• preferred pharmacy name and phone number
  • names and dosage of all medications, including over-the-counter medication, your child is currently taking
  • guardianship and custody papers, if a legal guardian rather than a parent accompanies your child
New Patients

Bring these forms for your first appointment:

Returning Patients
 
Forms & Resources
New Patient Forms
Returning Patient Forms
Resources for Patients & Families
Online Support Service
  • CaringBridge: visit this free site offering support and communication to help your family through your child's medical journey

At Nemours Children's Clinic, Fleming Island we do whatever it takes to make sure pediatric allergy, asthma and immune problems don’t slow your child down.

Our highly trained pediatric allergy & immunology team diagnoses and treats all types of pediatric allergic and immune system conditions. If your child is experiencing asthma or allergy symptoms, we’ll work to relieve them as quickly as possible and give you the tools and know-how you need to manage ongoing care. And, if your child has an immune system disorder, we’ll use the most effective medicines and immunotherapy (such as allergy shots and target therapy) for treatment.

 

 
Taking a Team Approach to Pediatric Allergies and Immunology

Our pediatric allergy, asthma and immunology team works closely with Nemours experts from other pediatric specialty areas including:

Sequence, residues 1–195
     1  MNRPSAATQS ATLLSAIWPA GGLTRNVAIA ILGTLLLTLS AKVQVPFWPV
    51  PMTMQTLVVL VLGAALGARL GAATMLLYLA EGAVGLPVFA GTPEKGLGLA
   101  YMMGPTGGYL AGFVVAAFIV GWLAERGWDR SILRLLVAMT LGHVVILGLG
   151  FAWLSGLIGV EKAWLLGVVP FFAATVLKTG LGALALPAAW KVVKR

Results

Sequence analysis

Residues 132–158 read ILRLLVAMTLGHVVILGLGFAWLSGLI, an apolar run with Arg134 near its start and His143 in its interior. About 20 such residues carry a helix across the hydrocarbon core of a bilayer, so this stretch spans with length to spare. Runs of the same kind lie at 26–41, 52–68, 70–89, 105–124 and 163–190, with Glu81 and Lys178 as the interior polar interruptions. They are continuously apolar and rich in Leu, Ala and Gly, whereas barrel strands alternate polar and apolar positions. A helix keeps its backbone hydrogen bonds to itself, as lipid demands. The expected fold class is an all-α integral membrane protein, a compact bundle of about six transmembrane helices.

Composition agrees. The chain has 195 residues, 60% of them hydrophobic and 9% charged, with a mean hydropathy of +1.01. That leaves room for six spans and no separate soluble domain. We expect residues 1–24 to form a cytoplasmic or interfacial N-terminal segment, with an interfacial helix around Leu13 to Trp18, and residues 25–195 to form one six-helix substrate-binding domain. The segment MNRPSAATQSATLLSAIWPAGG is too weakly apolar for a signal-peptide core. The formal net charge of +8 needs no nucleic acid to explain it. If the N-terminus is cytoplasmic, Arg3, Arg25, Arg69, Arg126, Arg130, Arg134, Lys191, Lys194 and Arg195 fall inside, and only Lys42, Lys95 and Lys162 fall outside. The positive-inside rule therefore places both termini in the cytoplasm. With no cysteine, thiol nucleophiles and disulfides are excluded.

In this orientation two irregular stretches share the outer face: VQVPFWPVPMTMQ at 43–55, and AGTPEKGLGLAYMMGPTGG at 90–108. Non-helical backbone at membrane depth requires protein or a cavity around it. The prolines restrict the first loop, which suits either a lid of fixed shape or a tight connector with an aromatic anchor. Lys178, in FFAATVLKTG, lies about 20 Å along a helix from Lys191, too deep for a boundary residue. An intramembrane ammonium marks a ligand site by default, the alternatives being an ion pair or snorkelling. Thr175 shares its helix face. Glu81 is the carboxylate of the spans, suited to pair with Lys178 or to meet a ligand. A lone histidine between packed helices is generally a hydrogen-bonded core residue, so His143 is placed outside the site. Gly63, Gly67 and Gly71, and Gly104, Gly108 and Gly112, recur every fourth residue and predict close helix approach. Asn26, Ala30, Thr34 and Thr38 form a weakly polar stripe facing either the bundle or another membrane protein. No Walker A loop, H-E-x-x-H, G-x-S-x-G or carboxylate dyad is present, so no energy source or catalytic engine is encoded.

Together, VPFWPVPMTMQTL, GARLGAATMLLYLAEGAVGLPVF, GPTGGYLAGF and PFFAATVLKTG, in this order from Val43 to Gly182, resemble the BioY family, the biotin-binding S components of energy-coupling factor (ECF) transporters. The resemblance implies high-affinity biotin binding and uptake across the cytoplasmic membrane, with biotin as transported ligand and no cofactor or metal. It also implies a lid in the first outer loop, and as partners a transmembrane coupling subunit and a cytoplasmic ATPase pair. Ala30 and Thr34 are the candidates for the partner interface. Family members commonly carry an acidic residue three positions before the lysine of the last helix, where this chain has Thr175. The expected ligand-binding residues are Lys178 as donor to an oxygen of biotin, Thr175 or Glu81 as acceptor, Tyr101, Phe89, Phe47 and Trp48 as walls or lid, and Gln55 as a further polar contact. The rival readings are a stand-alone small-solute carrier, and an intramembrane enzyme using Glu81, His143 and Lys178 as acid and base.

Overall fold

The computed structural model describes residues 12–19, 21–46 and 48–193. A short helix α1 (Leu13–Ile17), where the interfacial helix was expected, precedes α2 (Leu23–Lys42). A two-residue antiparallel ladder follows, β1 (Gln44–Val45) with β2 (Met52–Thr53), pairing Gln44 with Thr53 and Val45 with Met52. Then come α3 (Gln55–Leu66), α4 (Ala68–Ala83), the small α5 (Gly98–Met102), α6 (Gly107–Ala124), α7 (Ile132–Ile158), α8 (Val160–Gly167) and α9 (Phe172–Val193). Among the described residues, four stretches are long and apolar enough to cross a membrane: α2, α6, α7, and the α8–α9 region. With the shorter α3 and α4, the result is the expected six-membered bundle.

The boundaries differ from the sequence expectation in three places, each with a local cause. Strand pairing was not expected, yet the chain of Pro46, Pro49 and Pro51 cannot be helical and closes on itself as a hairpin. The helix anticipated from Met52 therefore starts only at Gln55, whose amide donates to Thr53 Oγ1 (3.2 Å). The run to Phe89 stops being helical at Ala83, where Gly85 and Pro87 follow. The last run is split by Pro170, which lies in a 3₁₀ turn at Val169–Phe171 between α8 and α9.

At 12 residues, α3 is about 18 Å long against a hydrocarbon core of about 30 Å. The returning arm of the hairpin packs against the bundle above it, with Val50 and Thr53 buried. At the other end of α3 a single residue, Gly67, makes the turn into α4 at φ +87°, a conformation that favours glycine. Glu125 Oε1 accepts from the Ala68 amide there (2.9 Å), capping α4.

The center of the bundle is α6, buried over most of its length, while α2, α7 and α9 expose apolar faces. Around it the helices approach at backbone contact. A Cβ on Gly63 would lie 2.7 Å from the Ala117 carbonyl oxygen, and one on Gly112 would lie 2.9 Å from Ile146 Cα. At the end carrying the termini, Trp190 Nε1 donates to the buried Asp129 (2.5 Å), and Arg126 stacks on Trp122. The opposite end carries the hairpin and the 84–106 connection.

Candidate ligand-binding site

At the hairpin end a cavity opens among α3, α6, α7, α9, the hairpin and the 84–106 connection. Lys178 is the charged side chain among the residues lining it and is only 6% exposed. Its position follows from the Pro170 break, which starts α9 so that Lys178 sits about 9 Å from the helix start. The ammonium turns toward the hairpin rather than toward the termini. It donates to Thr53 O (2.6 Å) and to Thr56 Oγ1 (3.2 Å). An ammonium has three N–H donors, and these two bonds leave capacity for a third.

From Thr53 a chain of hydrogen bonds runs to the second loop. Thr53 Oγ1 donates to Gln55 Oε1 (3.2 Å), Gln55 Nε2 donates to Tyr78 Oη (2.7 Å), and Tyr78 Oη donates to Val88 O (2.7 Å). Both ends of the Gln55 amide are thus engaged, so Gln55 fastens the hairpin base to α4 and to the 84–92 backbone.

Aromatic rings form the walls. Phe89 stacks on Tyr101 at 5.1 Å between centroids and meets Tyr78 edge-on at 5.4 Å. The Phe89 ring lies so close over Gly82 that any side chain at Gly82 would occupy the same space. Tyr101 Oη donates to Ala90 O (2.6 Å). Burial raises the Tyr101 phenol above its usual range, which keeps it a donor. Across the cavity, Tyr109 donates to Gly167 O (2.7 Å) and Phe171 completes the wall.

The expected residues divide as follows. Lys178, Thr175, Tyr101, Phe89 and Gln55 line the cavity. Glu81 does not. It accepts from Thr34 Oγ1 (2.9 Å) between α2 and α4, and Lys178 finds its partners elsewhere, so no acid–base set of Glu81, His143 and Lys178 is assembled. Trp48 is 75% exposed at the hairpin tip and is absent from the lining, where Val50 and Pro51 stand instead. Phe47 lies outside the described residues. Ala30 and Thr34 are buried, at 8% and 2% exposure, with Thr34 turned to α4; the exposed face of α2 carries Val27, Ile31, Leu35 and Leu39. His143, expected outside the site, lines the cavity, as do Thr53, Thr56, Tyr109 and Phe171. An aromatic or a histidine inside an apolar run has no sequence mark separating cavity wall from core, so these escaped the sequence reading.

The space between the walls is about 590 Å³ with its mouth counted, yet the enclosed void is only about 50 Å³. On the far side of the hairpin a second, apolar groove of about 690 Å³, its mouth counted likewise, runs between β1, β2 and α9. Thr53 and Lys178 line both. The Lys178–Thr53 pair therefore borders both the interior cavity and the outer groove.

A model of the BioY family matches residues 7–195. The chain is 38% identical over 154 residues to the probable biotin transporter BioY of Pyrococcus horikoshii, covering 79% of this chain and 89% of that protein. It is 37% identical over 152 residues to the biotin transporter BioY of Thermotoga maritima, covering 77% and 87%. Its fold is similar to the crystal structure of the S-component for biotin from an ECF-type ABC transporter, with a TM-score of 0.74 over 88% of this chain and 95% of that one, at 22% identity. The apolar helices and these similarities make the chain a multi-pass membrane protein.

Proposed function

For children with asthma, our asthma care team (run jointly with the Pulmonology team) offers fully coordinated care, providing your family with the tools you need to successfully manage the disease.

Nemours’ immunologists specialize in malfunctions of the immune system (such as autoimmune diseases, hypersensitivities, immune deficiency and transplant rejection).

Our teams fully communicate with each other and with you, so that every member has the very latest information. And all of your child’s care team members have access to our award-winning electronic health record system (EHR), which allows your child’s caregivers to securely communicate and share medical information about your child quickly and efficiently.

Through our EHR, your child’s care team members can view clinical notes, lab results, other test results and your child’s medical history on their computers simultaneously at any time — so that everyone’s always on the same page about your child’s care. Also you have your own online access to your child’s medical records 24 hours a day, seven days a week at MyNemours.

 
Partnering With You to Help Manage a Pediatric Allergy Condition

We know that no one knows your child better than you do — and that you’re one of the most important parts of your child’s care team. That’s why we make every effort to include you in the process and to create a close relationship with you and your child.